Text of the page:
After graduating from even the most thorough of teacher trainings, launching into yoga instruction can feel very intimidating.
When a brand new beginner walks through the door it can feel downright scary, especially if you’ve grown accustomed to teaching higher level classes.
Here are a few tips for teaching new yogis!
1. Reacquaint yourself with the beginner’s mind.
Any number of things could be running on a loop for a newbie: “Where should I put my mat? What if I can’t do the poses? What are we going to do with this strap?”
Do you remember the feeling you had walking into your first yoga class? If your early yoga experiences are still vivid in your memory, you shouldn’t have a problem helping your beginners feel as comfortable as possible.
2. Props and modifications are a beginner’s best friend.
The more ways you know how to make a pose accessible to all body types (with all kinds of injuries), you will become a sought after teacher. To expand your knowledge base, try to find workshops that focus on therapeutics, adjustments, how to use props, etc.
3. Be mindful of how often you’re adjusting new students.
If you’ve just learned someone’s name 10 minutes ago, avoid bombarding them with verbal and physical adjustments.
Everyone responds differently to one-on-one attention in a public class. Often, new students feel embarrassed that the whole class just witnessed “what they did wrong.” On the opposite end of the spectrum, some students are too eager for corrections and will attempt to monopolize your time.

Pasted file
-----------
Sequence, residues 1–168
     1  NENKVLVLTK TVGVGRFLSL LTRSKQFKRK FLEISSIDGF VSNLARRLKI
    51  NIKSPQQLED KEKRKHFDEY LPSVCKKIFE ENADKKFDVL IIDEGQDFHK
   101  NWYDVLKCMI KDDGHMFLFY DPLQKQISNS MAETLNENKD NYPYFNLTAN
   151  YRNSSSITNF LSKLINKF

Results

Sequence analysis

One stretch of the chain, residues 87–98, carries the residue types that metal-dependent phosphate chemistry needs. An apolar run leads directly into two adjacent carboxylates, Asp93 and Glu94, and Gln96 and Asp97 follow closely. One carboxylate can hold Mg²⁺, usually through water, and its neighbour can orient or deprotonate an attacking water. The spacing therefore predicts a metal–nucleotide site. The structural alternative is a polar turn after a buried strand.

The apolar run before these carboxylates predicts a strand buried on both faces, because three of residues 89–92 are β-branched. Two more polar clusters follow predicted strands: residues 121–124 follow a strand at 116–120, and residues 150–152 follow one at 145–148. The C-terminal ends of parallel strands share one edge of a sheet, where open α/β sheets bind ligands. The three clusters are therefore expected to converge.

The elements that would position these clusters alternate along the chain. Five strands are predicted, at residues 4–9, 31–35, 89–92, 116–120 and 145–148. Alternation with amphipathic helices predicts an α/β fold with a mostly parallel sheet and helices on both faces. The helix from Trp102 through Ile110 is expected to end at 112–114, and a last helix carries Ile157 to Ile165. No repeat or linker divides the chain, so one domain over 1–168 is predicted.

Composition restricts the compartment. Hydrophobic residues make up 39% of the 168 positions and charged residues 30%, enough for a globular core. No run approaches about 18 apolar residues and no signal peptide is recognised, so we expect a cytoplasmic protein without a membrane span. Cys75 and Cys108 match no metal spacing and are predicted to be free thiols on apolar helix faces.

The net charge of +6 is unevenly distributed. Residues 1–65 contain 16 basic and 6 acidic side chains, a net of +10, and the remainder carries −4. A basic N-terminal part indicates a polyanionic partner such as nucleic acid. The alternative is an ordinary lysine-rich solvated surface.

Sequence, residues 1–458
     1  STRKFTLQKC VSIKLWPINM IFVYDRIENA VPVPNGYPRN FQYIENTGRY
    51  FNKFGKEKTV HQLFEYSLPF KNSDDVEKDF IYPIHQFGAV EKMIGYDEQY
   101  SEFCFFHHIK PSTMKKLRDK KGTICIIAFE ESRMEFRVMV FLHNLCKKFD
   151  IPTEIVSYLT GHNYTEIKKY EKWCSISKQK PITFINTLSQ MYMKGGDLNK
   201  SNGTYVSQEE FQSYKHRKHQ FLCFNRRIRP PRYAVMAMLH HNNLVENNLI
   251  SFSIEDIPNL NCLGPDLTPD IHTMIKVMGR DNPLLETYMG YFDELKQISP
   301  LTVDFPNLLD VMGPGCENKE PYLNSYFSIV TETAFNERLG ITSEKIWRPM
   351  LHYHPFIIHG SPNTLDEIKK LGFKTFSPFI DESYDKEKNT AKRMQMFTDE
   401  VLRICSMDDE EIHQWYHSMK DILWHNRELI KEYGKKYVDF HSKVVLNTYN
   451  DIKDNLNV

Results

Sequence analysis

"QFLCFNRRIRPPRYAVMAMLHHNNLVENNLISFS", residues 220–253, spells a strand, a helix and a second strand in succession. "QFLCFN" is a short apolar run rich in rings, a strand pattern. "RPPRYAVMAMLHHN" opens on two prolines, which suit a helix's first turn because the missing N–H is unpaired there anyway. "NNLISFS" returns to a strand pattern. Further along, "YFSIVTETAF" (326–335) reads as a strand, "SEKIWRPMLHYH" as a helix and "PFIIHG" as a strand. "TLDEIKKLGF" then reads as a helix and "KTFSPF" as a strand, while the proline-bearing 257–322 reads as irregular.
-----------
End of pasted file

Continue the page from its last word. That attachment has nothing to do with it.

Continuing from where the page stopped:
Rule of thumb: direct as many verbal adjustments as possible to the entire group to cut down on the amount of individual cues you’re dishing out. Consider limiting the amount of times you touch a student to three adjustments in their first class. If they’re not in danger of injury, leave them be.
Use Sanskrit sparingly, or at least make sure you consistently offer the English translation.
Make sure your instructions are clear and concise.
Our job is to demystify the practice and make it inclusive. Fancy wording and esoteric concepts won’t win over new yogis.
5. Connect with your new students after class.
Casually inquire about how the class went for them. Let them know that breath awareness and poses come more naturally over time, and that if this class wasn’t their cup of tea, there are so many different styles of yoga to explore with a myriad of teachers to learn from.
Get the point across that the practice of yoga expands far beyond this single experience.
6. Find subtle ways throughout your sequence to explain that yoga is not just about poses.
The poses help us become stronger and more flexible— these benefits are inevitable with a consistent practice. Ask your students where they can place their attention (intention) to create more meaning beyond the physical. Emphasizing conscious breath is always a good place to start.
7. Stay confident!
You have so much to offer new students. It’s easy to get hung up on what we don’t know and forget about the significant amount (200-500 hours+!) of training that we actually have under our belts. Strive for a good mix of welcoming compassion and confidence, and beginners will trust you to lead them through a safe and doable practice.
Teaching beginners is a delicate and important job. Facilitating a class that inspires a beginner to come back should be a high priority. After all, isn’t that why you wanted to teach yoga in the first place? To share with as many souls as possible the amazing feeling that yoga brings?
Get out there and embrace the beginner!
Love elephant and want to go steady?
Apprentice Editor: Guenevere Neufeld / Editor: Travis May
Photo: Eli Christman / Flickr